New study shows that Thompson sampling can be naturally combined with a classical linear program formulation to include inventory constraints.
In 1933, William R. Thompson published an article on a Bayesian model-based algorithm that would ultimately become known as Thompson sampling. This heuristic was largely ignored by the academic community until recently, when it became the subject of intense study, thanks in part to internet companies that successfully implemented it for online ad display.Thompson sampling chooses actions for addressing the exploration-exploitation in the multiarmed bandit problem to maximize performance and continually learn, acquiring new information to improve future performance.In a new study, “Online Network Revenue Management Using Thompson Sampling,” MIT Professor David Simchi-Levi and his team have now demonstrated that Thompson sampling can be used for a revenue management problem, where demand function is unknown.
MIT researchers have developed a special-purpose chip that increases the speed of neural-network computations by three to seven times over its predecessors, while reducing power consumption 93 to 96 percent. That could make it practical to run neural networks locally on smartphones or even to embed them in household appliances. New chip reduces neural networks’ power consumption by up to 95 percent, making them practical for battery-powered devices.
Most recent advances in artificial-intelligence systems such as speech- or face-recognition programs have come courtesy of neural networks,
densely interconnected meshes of simple information processors that learn to perform tasks by analyzing huge sets of training data.But neural nets are large,
and their computations are energy intensive, so they’re not very practical for handheld devices. Most smartphone apps that rely on neural nets simply upload data
to internet servers, which process it and send the results back to the phone.
Now, MIT researchers have developed a special-purpose chip that increases the speed of neural-network computations by three to seven times over its predecessors, while reducing power consumption 94 to 95 percent. That could make it practical to run neural networks locally on smartphones or even to embed them in household appliances.
“The general processor model is that there is a memory in some part of the chip, and there is a processor in another part of the chip, and you move the data back and forth between them when you do these computations,” says Avishek Biswas, an MIT graduate student in electrical engineering and computer science, who led the new chip’s development.“Since these machine-learning algorithms need so many computations, this transferring back and forth of data is the dominant portion of the energy consumption.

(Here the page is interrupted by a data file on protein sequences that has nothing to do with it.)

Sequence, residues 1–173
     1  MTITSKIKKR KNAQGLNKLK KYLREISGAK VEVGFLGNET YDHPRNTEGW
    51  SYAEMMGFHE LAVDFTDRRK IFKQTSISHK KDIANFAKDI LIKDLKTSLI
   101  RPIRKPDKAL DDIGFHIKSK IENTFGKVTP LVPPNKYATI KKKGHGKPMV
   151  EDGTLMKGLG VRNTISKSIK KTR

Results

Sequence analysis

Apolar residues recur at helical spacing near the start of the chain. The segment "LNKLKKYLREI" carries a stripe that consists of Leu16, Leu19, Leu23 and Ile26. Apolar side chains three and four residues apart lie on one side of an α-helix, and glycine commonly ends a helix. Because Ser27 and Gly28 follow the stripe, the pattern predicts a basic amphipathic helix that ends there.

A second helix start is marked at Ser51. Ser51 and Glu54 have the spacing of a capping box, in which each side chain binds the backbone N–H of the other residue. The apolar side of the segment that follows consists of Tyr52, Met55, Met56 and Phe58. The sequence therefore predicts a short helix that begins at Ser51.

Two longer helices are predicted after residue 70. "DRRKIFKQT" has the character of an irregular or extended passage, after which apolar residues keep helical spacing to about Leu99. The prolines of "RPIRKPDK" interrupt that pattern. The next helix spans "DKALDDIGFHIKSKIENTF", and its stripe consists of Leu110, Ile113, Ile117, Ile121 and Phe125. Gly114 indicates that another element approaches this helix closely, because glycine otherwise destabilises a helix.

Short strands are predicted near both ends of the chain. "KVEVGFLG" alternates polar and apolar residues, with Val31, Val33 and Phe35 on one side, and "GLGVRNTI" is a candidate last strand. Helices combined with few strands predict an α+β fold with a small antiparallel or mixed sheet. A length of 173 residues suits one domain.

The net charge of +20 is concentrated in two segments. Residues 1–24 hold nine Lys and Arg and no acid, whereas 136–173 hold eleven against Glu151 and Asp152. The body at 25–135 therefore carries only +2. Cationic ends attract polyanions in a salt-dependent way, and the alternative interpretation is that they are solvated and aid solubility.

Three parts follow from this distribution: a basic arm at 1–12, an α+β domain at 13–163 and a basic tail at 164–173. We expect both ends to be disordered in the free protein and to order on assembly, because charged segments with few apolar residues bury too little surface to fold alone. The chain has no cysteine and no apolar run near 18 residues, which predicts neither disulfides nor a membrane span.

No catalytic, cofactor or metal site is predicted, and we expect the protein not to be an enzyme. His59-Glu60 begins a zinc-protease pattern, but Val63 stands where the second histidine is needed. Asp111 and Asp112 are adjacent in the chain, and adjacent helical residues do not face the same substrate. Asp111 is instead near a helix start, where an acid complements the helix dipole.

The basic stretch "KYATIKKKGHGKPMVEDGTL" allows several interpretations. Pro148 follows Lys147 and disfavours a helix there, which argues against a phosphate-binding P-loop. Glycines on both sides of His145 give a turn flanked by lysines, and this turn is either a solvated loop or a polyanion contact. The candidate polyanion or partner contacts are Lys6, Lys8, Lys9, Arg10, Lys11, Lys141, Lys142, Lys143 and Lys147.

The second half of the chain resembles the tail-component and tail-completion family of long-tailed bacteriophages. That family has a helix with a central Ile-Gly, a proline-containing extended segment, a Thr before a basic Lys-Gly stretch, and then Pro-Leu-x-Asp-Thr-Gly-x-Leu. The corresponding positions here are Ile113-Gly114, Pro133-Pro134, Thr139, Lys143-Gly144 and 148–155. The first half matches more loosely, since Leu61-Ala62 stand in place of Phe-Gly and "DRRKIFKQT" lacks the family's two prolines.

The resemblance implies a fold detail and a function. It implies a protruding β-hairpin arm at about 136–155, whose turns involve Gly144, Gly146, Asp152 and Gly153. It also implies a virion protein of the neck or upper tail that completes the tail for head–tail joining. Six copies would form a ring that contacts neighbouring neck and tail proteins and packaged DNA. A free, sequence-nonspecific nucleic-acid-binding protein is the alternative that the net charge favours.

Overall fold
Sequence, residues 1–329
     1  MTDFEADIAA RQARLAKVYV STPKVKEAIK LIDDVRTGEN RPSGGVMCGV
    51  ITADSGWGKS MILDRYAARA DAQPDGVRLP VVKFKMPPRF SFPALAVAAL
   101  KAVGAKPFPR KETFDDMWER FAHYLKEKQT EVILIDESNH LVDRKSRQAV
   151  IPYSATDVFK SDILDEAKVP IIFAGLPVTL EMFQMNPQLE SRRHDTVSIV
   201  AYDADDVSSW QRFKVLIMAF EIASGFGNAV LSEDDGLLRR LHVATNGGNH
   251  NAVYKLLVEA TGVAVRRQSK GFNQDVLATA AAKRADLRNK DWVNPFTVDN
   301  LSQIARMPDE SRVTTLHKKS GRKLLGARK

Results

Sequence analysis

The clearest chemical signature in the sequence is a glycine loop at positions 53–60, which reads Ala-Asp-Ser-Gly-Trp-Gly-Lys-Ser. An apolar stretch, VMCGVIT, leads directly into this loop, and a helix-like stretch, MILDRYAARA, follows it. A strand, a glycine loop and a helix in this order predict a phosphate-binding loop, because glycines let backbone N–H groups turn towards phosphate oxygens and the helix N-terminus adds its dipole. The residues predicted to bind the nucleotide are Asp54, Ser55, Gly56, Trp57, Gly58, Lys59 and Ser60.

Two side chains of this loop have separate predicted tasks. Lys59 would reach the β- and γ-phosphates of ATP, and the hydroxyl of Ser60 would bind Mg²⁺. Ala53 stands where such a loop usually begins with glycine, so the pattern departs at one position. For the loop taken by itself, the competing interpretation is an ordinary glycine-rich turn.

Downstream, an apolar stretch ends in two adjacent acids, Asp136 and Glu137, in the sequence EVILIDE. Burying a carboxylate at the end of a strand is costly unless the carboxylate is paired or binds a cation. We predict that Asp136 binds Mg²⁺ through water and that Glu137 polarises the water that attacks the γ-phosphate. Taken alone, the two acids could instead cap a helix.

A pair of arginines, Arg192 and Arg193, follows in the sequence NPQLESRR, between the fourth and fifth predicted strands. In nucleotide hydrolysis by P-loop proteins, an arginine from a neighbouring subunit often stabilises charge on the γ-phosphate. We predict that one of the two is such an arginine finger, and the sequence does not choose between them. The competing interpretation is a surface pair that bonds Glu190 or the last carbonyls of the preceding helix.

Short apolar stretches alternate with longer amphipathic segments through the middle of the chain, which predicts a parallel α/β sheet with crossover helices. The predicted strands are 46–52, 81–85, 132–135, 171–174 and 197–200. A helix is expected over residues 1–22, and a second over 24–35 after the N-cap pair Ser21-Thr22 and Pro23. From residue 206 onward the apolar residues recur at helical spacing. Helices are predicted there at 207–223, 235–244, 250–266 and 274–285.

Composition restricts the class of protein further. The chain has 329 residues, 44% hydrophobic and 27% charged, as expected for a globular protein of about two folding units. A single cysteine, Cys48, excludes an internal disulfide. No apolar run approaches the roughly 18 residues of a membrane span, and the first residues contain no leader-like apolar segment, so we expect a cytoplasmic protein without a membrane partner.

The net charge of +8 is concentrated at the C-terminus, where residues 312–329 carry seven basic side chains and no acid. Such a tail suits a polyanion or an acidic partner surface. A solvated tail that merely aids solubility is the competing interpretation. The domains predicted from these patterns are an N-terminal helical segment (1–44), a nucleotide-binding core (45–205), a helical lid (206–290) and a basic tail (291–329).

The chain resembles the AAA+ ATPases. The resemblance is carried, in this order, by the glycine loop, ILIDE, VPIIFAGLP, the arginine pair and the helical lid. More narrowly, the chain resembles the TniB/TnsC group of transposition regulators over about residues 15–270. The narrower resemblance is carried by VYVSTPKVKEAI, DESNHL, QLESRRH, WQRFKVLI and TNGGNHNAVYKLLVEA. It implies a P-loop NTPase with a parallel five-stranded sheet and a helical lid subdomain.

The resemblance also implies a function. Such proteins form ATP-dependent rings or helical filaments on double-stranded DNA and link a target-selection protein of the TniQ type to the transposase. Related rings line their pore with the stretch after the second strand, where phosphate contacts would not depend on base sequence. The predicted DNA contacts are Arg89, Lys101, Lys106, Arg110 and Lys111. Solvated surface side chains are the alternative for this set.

But the computation these algorithms do can be simplified to one specific operation, called the dot product. Our approach was, can we implement this dot-product functionality inside the memory so that you don’t need to transfer this data back and forth?”Biswas and his thesis advisor, Anantha Chandrakasan, dean of MIT’s School of Engineering and the Vannevar Bush Professor of Electrical Engineering and Computer Science, describe the new chip in a paper that Biswas is presenting this week at the International Solid State Circuits Conference.
An illustration of real-world behavioral commonalities in raw data of transactions. Platform analyzes big data to answer plain-language business queries in minutes instead of months.
Companies often employ number-crunching data scientists to gather insights such as which customers want certain services or where to open
new stores and stock products. Analyzing the data to answer one or two of those queries, however, can take weeks or even months.
Now MIT spinout Endor has developed a predictive-analytics platform that lets anyone, tech-savvy or not, upload raw data and input any business question into an interface — similar to using an online search engine — and receive accurate answers in just 15 minutes.
The platform is based on the science of “social physics,” co-developed at the MIT Media Lab by Endor co-founders Alex “Sandy” Pentland, the Toshiba Professor of Media Arts and Sciences, and Yaniv Altshuler, a former MIT postdoc. Social physics uses mathematic models and machine learning to understand and predict crowd behaviors.
Users of the new platform upload data about customers or other individuals, such as records of mobile phone calls, credit card purchases, or web activity. They use Endor’s “query-builder” wizard to ask questions, such as “Where should we open our next store?” or “Who is likely to try product X?” Using the questions, the platform identifies patterns of previous behavior among the data and uses social physics models to predict future behavior. The platform can also analyze fully encrypted data-streams, allowing customers such as banks or credit card operators to maintain data privacy.
“It’s just like Google. You don’t have to spend time thinking, ‘Am I going to spend time asking Google this question?’ You just Google it,” Altshuler says. “It’s as simple as that.” Financially backed by Innovation Endeavors, the private venture capital firm of Eric Schmidt, executive chairman of Google parent company Alphabet, Inc., the startup has found big-name customers, such as Coca-Cola, Mastercard, and Walmart, among other major retail and banking firms. Recently, Endor analyzed Twitter data for a defense agency to detect potential terrorists. Endor was given 15 million data points containing examples of 50 Twitter accounts of identified ISIS